NASHVILLE, Tenn. (WKRN) — We talk about it time and time again, crimes being committed by young teens.
“I don’t think the cycle ever ends,” said Contrecia Tharpe with Impact Youth Outreach.
On Tuesday, the Tennessee Bureau of Investigation released it’s 2021, “Crime in Tennessee Report.” The more than 500-page document outlined where and who are committing crimes. The report released juvenile crime increased, and it made advocates ask “why?”
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“When we go in and we talk to kids, what are the four things that you feel like we need to work on as adults to make sure you don’t end up back here. They say opportunities, education, jobs, and a better relationship with the police,” explained Tharpe.
Tharpe says the numbers aren’t shocking, especially in the Metro area. The TBI report revealed more than 600 juveniles were arrested, the majority of them committing some type of assault.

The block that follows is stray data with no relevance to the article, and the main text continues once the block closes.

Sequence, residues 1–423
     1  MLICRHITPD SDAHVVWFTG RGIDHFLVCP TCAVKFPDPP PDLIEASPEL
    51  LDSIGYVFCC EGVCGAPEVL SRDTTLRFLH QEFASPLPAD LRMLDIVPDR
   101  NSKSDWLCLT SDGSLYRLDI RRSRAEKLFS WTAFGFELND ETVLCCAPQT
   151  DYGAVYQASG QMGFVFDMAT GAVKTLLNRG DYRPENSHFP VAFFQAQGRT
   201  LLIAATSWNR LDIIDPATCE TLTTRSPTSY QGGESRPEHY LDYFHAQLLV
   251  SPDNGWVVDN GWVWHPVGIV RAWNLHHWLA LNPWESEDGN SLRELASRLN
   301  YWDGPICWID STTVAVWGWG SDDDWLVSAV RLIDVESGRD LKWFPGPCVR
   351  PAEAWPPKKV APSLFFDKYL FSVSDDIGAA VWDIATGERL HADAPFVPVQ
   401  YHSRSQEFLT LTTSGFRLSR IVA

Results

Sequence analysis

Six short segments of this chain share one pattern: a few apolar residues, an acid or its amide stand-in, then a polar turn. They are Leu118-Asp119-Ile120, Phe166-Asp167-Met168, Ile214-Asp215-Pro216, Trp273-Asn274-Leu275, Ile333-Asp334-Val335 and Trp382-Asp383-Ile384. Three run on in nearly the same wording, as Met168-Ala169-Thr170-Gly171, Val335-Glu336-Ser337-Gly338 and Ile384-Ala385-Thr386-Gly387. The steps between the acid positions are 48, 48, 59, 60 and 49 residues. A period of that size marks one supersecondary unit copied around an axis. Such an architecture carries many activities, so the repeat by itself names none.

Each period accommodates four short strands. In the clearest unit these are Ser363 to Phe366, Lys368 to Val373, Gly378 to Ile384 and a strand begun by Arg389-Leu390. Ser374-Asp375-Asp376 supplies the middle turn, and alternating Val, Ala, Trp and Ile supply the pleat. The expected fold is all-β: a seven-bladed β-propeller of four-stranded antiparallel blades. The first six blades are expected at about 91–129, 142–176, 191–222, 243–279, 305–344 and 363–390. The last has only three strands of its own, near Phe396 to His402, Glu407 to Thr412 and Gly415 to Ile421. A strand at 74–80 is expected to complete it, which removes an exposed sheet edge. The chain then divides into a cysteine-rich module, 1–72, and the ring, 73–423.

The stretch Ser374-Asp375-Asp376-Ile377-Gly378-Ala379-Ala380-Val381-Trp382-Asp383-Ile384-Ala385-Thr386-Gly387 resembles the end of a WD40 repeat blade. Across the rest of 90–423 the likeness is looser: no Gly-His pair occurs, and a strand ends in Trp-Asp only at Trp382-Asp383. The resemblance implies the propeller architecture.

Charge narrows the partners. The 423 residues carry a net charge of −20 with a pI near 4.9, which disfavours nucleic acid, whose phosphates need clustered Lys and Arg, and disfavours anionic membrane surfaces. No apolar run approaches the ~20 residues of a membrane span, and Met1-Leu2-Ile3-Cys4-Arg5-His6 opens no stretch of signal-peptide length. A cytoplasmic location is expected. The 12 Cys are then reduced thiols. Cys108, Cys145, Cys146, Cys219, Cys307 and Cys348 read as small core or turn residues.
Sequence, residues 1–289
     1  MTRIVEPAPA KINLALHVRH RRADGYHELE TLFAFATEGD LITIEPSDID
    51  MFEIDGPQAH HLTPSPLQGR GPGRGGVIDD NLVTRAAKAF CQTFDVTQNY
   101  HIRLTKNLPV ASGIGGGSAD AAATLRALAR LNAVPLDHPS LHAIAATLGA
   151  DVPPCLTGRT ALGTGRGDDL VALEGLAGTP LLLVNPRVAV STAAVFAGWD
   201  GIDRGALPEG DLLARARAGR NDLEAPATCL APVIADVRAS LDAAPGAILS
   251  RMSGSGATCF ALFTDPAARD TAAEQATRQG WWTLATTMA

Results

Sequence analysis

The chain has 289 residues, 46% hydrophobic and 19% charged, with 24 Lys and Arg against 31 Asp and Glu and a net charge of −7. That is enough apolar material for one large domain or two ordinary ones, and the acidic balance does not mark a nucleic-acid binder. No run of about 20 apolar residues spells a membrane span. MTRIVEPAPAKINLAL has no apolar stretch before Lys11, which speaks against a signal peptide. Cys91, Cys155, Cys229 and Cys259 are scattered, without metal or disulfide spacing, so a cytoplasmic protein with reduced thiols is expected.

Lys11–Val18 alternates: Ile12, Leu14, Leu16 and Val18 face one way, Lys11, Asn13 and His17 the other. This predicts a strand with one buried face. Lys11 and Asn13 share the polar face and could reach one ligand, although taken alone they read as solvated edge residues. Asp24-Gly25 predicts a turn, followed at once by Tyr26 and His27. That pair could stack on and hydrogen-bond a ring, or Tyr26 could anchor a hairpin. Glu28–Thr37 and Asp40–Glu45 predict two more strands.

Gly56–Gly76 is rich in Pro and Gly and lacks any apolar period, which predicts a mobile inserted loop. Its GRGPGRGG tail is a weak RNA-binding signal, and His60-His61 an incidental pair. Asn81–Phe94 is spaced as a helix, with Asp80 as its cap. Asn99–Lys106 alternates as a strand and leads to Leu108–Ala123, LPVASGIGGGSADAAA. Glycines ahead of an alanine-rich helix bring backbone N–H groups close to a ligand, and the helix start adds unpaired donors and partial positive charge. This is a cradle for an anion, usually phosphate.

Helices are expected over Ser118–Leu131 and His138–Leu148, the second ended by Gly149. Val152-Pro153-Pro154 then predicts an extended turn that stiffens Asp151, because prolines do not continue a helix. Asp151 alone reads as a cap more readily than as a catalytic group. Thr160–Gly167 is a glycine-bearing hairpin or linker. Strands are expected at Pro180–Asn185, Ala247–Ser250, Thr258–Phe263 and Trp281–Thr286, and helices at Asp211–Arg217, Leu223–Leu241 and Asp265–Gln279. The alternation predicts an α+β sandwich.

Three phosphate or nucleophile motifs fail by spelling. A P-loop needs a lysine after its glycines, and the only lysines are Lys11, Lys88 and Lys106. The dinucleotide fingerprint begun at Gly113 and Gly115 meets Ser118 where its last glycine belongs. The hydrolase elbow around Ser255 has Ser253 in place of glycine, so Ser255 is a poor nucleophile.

“It doesn’t alarm me that the statistic has risen. I think that it will continue to rise, you know, I think that we will be here next year looking at that same number and wondering why it has risen again,” said Tharpe.
While organizations across the city are hoping to create a change, others say they have experienced juvenile crime personally and believe change starts in the courtroom.
“December the 16th, 2020, the worst call in my life, in my family’s life, is to hear that my son has been shot and killed,” said Mamie Turner.
Turner is waiting for her day in court, scheduled for August 3, for the teen charged with shooting and killing her son, Lee Turner Jr., outside of the bus station on Nolensville Pike.
“They were 16 when they took Lee’s life, and so doing a harsh crime like taking someone’s life you should not be in juvenile, you should be taken to a higher court,” said Turner.
She, along with another Nashville family, is asking the judge to move the 17-year-old charged in this shooting, out of Juvenile Court, so they can be tried as an adult. She is hoping it will send a message to others.